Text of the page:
Monday, November 28, 2005

A Pathetic Congress

From Counterpunch

"As I watched the pathetic body we call Congress debate this resolution Friday night, I was reminded of the defense argument in the trial of the LA police accused of beating Rodney King back in 1991. In those trials, the jury was told to ignore what they (and much of the known world) saw on the videotapes of the beating. Instead of trusting their senses, they were told by the cops' defense team to believe what the cops were saying.

On the night of November 18, 2005, the Democrats were like those cops' lawyers as they told the world that the resolution demanding a US withdrawal from Iraq wasn't what it said it was. Don't believe the words that are on the paper, they told us, believe what we want you to believe, no matter how much it doesn't jibe with what you see."

Read More HERE


Blogger sixstringslinger said...

Sympathetic Vibrations

By Chris Cillizza and Peter Slevin
Sunday, November 27, 2005; A04

Democrats fumed last week at Vice President Cheney's suggestion that criticism of the administration's war policies was itself becoming a hindrance to the war effort. But a new poll indicates most Americans are sympathetic to Cheney's point.

Seventy percent of people surveyed said that criticism of the war by Democratic senators hurts troop morale -- with 44 percent saying morale is hurt "a lot," according to a poll taken by RT Strategies. Even self-identified Democrats agree: 55 percent believe criticism hurts morale, while 21 percent say it helps morale.

The results surely will rankle many Democrats, who argue that it is patriotic and supportive of the troops to call attention to what they believe are deep flaws in President Bush's Iraq strategy. But the survey itself cannot be dismissed as a partisan attack. The RTs in RT Strategies are Thomas Riehle, a Democrat, and Lance Tarrance, a veteran GOP pollster.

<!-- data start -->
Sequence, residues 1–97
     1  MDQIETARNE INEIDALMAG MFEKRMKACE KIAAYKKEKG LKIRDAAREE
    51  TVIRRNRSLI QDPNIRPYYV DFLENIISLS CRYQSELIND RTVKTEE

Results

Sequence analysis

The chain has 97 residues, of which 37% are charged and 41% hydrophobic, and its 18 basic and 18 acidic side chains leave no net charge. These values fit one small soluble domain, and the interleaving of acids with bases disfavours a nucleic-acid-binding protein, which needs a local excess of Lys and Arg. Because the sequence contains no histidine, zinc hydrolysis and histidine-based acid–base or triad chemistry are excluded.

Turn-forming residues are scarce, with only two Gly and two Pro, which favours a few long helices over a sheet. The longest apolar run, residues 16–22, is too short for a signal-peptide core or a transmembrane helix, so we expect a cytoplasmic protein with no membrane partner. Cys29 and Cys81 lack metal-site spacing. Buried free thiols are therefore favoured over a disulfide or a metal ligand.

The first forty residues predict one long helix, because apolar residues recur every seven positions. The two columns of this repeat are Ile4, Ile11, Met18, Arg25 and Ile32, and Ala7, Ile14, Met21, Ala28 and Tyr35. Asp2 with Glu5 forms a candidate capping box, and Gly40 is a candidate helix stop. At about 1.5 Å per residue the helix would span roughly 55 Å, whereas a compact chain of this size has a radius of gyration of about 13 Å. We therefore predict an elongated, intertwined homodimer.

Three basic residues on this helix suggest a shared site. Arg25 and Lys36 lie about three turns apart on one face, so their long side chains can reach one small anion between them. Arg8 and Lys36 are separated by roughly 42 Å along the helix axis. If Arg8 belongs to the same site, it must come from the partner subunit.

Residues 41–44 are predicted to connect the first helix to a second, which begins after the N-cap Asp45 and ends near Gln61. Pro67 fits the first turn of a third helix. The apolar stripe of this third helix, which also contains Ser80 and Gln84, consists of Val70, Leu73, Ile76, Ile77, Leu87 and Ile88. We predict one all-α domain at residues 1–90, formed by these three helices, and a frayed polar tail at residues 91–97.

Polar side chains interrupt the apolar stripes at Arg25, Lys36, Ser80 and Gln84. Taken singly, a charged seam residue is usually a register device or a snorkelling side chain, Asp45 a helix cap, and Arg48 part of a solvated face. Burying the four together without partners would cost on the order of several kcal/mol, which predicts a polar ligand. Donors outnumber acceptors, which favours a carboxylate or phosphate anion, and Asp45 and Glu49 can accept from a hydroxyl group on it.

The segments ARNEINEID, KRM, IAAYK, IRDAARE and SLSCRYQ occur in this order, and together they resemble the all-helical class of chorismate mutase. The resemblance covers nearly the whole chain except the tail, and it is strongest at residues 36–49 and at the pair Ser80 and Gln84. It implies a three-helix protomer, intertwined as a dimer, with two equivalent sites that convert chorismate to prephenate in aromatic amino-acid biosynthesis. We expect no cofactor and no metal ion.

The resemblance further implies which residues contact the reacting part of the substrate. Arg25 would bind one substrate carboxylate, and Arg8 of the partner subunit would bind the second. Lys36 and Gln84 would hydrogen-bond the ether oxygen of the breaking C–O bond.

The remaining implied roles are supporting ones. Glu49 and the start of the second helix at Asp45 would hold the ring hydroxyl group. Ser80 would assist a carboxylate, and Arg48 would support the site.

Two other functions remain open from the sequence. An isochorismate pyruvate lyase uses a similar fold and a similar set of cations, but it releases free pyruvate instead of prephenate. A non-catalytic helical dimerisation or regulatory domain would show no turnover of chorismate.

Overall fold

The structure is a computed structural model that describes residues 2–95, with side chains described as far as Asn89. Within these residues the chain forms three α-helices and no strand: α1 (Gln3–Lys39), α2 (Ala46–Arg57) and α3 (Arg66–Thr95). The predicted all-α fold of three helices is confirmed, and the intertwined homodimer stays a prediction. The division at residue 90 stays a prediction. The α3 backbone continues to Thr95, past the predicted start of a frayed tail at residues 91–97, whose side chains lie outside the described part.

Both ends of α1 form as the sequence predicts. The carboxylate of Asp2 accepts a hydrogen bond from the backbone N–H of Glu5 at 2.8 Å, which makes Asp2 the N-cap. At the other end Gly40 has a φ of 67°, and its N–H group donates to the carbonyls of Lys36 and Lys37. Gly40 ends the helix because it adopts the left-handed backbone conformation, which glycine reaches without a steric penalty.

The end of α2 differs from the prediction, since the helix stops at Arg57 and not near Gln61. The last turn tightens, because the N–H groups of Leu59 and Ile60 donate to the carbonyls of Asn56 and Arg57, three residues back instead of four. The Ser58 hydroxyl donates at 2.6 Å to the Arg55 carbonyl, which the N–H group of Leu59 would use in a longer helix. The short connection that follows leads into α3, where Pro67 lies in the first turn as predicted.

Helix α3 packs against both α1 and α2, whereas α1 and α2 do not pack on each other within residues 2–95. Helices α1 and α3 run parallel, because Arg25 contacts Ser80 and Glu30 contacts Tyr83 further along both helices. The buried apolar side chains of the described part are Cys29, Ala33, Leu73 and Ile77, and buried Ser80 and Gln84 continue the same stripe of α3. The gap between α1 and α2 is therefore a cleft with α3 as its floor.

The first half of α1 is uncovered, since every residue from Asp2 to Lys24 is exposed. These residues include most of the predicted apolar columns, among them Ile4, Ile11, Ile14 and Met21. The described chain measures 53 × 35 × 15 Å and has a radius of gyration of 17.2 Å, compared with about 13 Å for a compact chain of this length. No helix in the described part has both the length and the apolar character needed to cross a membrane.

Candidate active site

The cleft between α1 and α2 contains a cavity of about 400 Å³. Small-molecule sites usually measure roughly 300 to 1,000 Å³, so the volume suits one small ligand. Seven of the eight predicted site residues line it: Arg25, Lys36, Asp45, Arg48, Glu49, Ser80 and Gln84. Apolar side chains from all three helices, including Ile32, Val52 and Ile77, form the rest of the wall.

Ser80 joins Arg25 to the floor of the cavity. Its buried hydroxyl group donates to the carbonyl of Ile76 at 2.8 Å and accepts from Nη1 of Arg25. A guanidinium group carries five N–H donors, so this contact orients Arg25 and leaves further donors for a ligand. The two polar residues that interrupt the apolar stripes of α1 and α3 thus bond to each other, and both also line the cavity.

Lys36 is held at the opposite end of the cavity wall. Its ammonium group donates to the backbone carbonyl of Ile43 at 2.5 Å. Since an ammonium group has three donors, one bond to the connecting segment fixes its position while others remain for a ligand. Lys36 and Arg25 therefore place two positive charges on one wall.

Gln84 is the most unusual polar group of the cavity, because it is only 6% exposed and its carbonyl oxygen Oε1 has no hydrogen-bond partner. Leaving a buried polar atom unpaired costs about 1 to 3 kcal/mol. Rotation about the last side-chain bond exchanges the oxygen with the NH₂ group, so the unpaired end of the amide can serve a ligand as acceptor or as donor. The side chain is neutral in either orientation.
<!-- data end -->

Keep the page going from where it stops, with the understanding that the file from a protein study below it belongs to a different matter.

Their poll also indicates many Americans are skeptical of Democratic complaints about the war. Just three of 10 adults accept that Democrats are leveling criticism because they believe this will help U.S. efforts in Iraq. A majority believes the motive is really to "gain a partisan political advantage."

This poll is one of the few pieces of supportive news the administration has had lately on Iraq. Most surveys have shown significant majorities believe it was a mistake to go to war, as well as rising sentiment that Bush misled Americans in making the case for it.

Even so, there is still support for Bush's policy going forward. A plurality, 49 percent, believe that troops should come home only when the Iraqi government can provide for its own security, while 16 percent support immediate withdrawal, regardless of the circumstances.

The Washington Times' Jennifer Harper and the Los Angeles Times' Max Boot both note the result of another poll, this one by the Pew Research Center for the People and the Press, which shows that the general public is considerably more optimistic about Iraq than just about any group of "opinion leaders." Respondents were asked if they thought efforts to establish a successful democracy there will succeed or fail:



News media



Foreign affairs





State/local government


Academic/think tank



Religious leaders









General public



Watching "Meet the Press" on Sunday, we were especially struck by the dour drumbeat from the journalists' panel, which consisted of David Broder, David Gregory, Eugene Robinson and Judy Woodruff. All agreed that democracy in Iraq is simply hopeless. But their pessimism was totally divorced from the facts: Not one even mentioned the elections scheduled for two weeks from Thursday. Maybe it will turn out that we can do without experts after all.

November 28, 2005 9:05 PM  
Blogger Nadir said...

I agree that most of the recent Democratic attacks on the handling of the war are political. The party proved again in the vote last week that they support the war.

Only three senators voted for a withdrawl of troops, so the debate was almost pointless. The Democrats were once again outmaneuvered by the Republicans.

This should hurt troop morale. They are in Iraq following orders, but their leaders can't decide whether they should be there or not. And if they had hoped for the Democrats to have the backbone to stand up to the Republicans and get them out of this quagmire, they are surely disappointed.

November 29, 2005 9:21 AM  

Post a Comment

<< Home